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To Lieutenant General Albert C. Wedemeyer
May 13, 1946 Radio No. GOLD 682. [Nanking, China]
I received your letter May 4th.1 Reference your return China, make decision yourself on basis of health and recuperative rest alone which were my sole reasons for counciling delay of several months.
Timberman goes to Executive Headquarters at present time where he is needed. Attacheship is later consideration. Other colonel vacancy will be retained.2
Reference Cadillacs Handy is sending three new ones out to arrive in July.
House is luxuriously comfortable.3
Document Copy Text Source: Records of the Department of State (RG 59), Lot Files, Marshall Mission, Military Affairs, GOLD Messages, National Archives and Records Administration, College Park, Maryland.
Document Format: Typed radio message.
1. Wedemeyer had written that his sinus operation had been a complete success and that he was in excellent health. He urged Marshall to permit him to return to China as soon as possible. “If I delay too long I may jeopardize the position of confidence and complete responsibility that the Generalissimo has conferred and thereby weaken the contribution that I might make toward attaining the objectives of our government.” (Wedemeyer to Marshall, May 4, 1946, GCMRL/G. C. Marshall Papers [China Mission, General].)
2. As presumptive ambassador, Wedemeyer was concerned that the embassy’s Military Attaché Section was being staffed without his participation. He wrote that he understood that Marshall had selected Brigadier General Thomas S. Timberman to be the military attaché and that one of the section’s two colonel’s positions had been filled. He asked that the second remain vacant “for future consideration.” (Ibid.) Timberman, who had held a number of posts in the Southeast Asia Command between February 1944 and March 1946, had recently arrived in Peiping to become director of operations and commander of the U.S. forces at Executive Headquarters.
3. Wedemeyer expressed his regret that the automobile he had ordered to Nanking for Marshall’s use had not functioned well and his hope that Marshall was enjoying “the lovely house which the Generalissimo had set aside for us in Nanking.” In commenting on events in Washington, Wedemeyer noted that “there is plenty of evidence that the Navy wants to retain large forces both sea and land in the Asiatic area” and desired that their senior officer in the region be in command there. He also expressed his dismay over the political considerations that were delaying passage of the military unification bill. “My experiences in Washington, political and military, would indicate definitely and more strongly than ever that you should take the post as Secretary of State, and when the time comes for the nomination of a Presidential candidate, you should accept same. We need leadership of the calibre you and you alone are capable of giving during this critical period in our country’s history. Your abject humility in approaching problems disarms the opposition and your experience in coping with problems both national and international would do something constructive toward bringing about clear-cut solutions of problems.” (Ibid.)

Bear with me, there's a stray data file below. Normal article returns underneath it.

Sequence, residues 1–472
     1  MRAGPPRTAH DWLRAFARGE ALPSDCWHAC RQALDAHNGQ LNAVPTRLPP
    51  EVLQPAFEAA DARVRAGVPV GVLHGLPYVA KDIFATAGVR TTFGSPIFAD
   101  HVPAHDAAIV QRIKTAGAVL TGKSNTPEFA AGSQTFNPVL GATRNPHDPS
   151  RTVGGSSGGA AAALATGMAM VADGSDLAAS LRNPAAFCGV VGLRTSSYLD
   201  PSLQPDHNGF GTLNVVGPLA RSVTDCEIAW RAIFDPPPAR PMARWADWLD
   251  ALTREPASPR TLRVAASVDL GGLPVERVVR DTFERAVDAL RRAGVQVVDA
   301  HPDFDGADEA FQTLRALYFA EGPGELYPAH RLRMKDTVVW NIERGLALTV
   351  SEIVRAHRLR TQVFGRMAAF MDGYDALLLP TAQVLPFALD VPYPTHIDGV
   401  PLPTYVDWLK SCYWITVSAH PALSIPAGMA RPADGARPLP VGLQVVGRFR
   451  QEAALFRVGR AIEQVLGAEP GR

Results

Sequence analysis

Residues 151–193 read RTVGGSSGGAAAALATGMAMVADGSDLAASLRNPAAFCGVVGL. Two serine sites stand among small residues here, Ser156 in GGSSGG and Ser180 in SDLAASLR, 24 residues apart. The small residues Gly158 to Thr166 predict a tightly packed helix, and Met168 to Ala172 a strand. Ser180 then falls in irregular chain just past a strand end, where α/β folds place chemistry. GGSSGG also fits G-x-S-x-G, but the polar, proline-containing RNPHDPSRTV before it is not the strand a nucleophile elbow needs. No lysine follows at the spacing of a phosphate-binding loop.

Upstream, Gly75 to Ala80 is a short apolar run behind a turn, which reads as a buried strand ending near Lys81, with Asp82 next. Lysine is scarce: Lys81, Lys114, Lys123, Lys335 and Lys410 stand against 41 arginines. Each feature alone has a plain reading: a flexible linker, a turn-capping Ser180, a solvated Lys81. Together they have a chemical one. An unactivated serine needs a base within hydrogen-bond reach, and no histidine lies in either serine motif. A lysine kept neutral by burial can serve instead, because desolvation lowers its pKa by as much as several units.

Recommended Citation: The Papers of George Catlett Marshall, ed.Larry I. Bland and Sharon Ritenour Stevens(Lexington, Va.: The George C. Marshall Foundation, 1981– ). Electronic version based on The Papers of George Catlett Marshall, vol. 5, “The Finest Soldier,” January 1, 1945–January 7, 1947 (Baltimore and London: The Johns Hopkins University Press, 2003), pp. 554–555.